I was leading an Intermediate CSPO course last week in Winston-Salem. Some good questions. One theme was about the agile transformation.
“Culture eats strategy for breakfast.”
“Once you implement Scrum, everything must change.”
But before I discuss those (both are useful, but neither fully correct) — let me discuss what an agile transformation might be.
Most firms typically start with one or two pilot Scrum teams.
Then they expand to say 5 Scrum teams.
Then they can notice that a few managers are working on the impediments of the five teams. And someone suggests an “impediment removal team” composed of those managers. And that they act like a Scrum team, except that their product backlog derives from the impediments of the 5 Scrum teams.
Then they decide to expand to more teams. And now people start noticing, in a bigger way, all kinds of impediments that are ‘cultural’. How we compensate people, who reports to whom, performance appraisals, management metrics, how different departments interact, etc, etc, etc.
People also notice that starting teams is serious effort. Training is costly and difficult to arrange for lots of people. The teams should have agile coaches; how does that get arranged. The teams need team rooms. How do you control that old teams don’t revert to waterfall. Are the managers (business and technology) truly understanding the goals of agile?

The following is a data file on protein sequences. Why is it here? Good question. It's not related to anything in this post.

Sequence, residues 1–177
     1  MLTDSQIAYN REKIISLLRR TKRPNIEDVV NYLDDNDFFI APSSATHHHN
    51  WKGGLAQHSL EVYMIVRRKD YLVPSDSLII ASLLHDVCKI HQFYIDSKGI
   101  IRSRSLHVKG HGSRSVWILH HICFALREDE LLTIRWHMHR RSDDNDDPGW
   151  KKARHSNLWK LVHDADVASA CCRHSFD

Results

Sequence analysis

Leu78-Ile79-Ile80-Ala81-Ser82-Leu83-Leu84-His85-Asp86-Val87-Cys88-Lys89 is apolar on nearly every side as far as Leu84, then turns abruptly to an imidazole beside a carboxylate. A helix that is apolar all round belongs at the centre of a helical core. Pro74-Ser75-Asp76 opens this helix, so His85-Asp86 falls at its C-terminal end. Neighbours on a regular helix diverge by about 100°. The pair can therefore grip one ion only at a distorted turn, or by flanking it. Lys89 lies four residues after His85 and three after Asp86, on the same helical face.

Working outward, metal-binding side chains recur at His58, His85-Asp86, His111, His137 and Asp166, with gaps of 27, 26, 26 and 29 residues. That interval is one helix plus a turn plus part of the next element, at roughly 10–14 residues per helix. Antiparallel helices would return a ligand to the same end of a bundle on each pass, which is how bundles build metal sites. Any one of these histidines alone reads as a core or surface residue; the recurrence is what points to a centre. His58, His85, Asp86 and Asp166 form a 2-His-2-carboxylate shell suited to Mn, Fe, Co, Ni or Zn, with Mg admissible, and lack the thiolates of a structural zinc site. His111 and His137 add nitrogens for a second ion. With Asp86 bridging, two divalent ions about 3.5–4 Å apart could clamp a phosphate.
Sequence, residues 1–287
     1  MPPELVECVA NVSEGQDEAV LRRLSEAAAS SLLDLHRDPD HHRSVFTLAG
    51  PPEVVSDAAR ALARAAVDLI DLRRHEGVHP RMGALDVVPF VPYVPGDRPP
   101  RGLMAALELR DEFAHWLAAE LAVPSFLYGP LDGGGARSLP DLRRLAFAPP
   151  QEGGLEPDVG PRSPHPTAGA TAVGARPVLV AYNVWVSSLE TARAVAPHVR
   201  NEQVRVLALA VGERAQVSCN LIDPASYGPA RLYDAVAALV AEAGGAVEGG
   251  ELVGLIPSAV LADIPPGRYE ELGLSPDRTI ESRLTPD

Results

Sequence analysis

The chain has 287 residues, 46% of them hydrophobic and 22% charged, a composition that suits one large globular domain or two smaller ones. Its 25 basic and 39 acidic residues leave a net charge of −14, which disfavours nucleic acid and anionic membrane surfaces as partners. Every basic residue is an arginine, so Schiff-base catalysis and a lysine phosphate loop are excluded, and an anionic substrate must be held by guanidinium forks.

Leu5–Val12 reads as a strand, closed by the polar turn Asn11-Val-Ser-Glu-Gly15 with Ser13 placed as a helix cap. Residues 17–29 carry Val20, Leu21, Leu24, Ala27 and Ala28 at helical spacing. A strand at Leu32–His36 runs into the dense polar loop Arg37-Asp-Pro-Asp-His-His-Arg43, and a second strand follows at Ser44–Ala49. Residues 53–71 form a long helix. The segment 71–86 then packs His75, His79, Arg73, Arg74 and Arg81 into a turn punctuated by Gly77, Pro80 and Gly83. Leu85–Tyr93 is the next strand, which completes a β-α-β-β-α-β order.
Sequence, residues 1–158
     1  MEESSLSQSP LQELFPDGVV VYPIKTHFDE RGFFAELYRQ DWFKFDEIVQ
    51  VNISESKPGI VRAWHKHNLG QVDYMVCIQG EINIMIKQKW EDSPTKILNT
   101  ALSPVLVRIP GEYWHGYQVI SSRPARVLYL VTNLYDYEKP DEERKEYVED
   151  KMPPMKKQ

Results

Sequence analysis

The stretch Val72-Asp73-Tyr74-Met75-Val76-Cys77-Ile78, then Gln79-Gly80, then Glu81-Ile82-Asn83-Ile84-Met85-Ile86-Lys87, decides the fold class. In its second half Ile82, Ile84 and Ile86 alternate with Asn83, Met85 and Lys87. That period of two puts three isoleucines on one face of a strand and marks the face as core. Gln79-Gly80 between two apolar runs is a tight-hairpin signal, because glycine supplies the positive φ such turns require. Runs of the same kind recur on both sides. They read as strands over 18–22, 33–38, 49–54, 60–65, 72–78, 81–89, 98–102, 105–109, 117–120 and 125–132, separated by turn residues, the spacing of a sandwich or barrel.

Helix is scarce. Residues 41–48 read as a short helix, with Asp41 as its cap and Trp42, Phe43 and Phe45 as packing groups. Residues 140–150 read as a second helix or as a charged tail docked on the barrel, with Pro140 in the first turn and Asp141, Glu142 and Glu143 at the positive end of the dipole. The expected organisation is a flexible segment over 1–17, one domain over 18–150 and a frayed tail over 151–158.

And the firm hears that other firms at this stage underwent an “agile transformation”. And they wonder what that means and how they might do it.
We, and lots of experienced coaches, recommend an ‘agile transformation team’. The concept here is some more senior managers take on “transformation stories”much like a Scrum team would.
First, we strongly favor this approach, but it is hard, and it must be done professionally.
Some problems with this:
1. Stories are vague or huge. Example: “Change the waterfall mindset.” Nice idea, but how would you ever prove that you did it?
2. The Team is senior people. Meaning, that they have forgotten how to work as a real team, and they have forgotten how to do ‘real work’. But some senior people are needed, or this team has no clout.
3. The Team is mostly senior people. Meaning: who will do some real work. We recommend having some less senior people on the team, who will do more real work.
4. How do you measure the team’s productivity? This is hard, but if they can’t show somehow some “data”, then how do you decide if the benefits are worth the costs?
Two more key ideas:
A. There should be leadership from the top. If we are talking about GE, maybe Jeffrey Immelt does not have to ‘preach’ agile, but someone pretty senior does. To get the most benefits.
B/ There should be leadership from the bottom. The senior guys are much more comfortable pulling agile if they know ‘real people’ also like it. Leadership from the bottom means an enthusiasm to build and expand agile. An to take some actions to make that happen.
A start on this huge topic.